I plan on going to the best school that I get into. For some, that will be a tier 2, and I don't think that should stop them from following up on their desire to practice.      
Title: Re: LOWEST LSAT SCORE ACCEPTED
Post by: Stole Your Nose! on January 30, 2009, 12:50:02 PM
FWIW, market pay at those firms is starting $160k with $17.5-30k bonus.
Title: Re: LOWEST LSAT SCORE ACCEPTED
Post by: HYSHopeful on January 30, 2009, 03:22:20 PM
I am not sure I would buy the assumption that going to a Tier 4 law school leads to a salary of $30K with only cost of living increases for the rest of your life because it is far from necessarily true.

My assumption was that the Cooley grad made $47,750 (the Cooley avg.) upon graduation. $30,000 is the salary I assumed the same individual could earn today, without going to law school. Yes, it may not be entirely accurate to assume a 5% annual growth rate, but I assumed the same growth rate for the UChicago grad. In addition, I started the UChicago grad at $145,000, when we know the market rate is more like $165,000.  It isn't uncommon for a BigLaw associate to be making $280,000 in year 8 - my model has the UChicago grad earning right around $200,000 in year 8. If anything, I'm erring on the side of the Cooley grad.

HYS, your NPV make huge assumptions with the discount rate and starting salaries.    

Indeed, which is why i prefaced the whole thing by saying that I'd done "quick, rudimentary" analysis, and explicitly listed the assumptions made. Obviously, the discount rate is the variable that would have the most drastic effect on the data. I used the average rate of unsubsidized student loans (which is right around 7%) as a proxy for the cost of capital. You could probably make a case for for moving the discount rate 100 basis points in either direction.  Still, I used the same discount rate for each scenario, so you can still get an idea of the magnitude of disparity. If you move the discount rate to 6%, the Cooley grad's NPV goes up, but the dollar disparity between the two scenarios grows as the UC grad's NPV increases exponentially. If you move the discount rate to 8%, the dollar amount disparity between the two decreases, but the Cooley grad's NPV ends up being closer to $0.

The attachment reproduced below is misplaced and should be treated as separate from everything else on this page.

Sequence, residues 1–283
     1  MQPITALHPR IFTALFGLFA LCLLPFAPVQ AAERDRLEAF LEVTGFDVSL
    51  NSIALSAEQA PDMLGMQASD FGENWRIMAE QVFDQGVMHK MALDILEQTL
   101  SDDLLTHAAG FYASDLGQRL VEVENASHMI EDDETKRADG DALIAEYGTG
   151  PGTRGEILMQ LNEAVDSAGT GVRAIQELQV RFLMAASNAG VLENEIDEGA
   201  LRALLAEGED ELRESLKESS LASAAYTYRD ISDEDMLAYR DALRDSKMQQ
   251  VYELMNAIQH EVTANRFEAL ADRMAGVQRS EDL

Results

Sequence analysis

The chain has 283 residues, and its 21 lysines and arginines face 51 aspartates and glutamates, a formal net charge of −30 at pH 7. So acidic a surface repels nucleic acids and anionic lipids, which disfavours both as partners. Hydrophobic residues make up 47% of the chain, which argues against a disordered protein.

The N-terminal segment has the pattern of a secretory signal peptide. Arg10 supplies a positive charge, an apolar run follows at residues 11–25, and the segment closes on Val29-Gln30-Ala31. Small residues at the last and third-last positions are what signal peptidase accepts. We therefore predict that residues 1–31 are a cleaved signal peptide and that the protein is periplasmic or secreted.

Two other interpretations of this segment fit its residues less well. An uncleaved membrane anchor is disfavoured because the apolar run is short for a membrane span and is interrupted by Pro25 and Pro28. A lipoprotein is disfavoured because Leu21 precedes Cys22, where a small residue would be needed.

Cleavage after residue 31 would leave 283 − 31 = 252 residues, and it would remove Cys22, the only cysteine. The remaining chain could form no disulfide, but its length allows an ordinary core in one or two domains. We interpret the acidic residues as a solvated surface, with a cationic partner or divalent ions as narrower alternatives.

My starting salary estimate for UChicago grad was left intentionally low at $145,000. The Cooley grad salary estimate was the stated average starting salary of the 82% of the class of 2007 that had jobs within 9 months of graduation. Sure, a Cooley grad might make a bit more or a bit less, but it is entirely reasonable to use the average as a best estimate.

As for the Salaries that I assumed these individuals could earn today instead of going to law school... Average starting salaries for B.S. degrees generally range between $30,000 (liberal arts majors, etc.) and $50,000 (engineering, finance, consulting). Again, in an effort to err to the benefit of the Cooley grad, I assumed that they would have a much lower opportunity cost than a UChicago grad.

Keep in mind that I did throw this analysis together in 15 minutes on my lunch break, but I don't think I made any assumptions that are completely irrational and where I do err, I attempted to do so in favor of Cooley. The point was not to execute an impeccably accurate analysis, but to consider roughly (give or take a couple hundred grand, perhaps) the difference in the average expected NPVs of an education at UChicago vs. Cooley & roughly (within a few years, perhaps) the difference in the amount of time each graduate must work in order for an investment in law school to have a postitive NPV.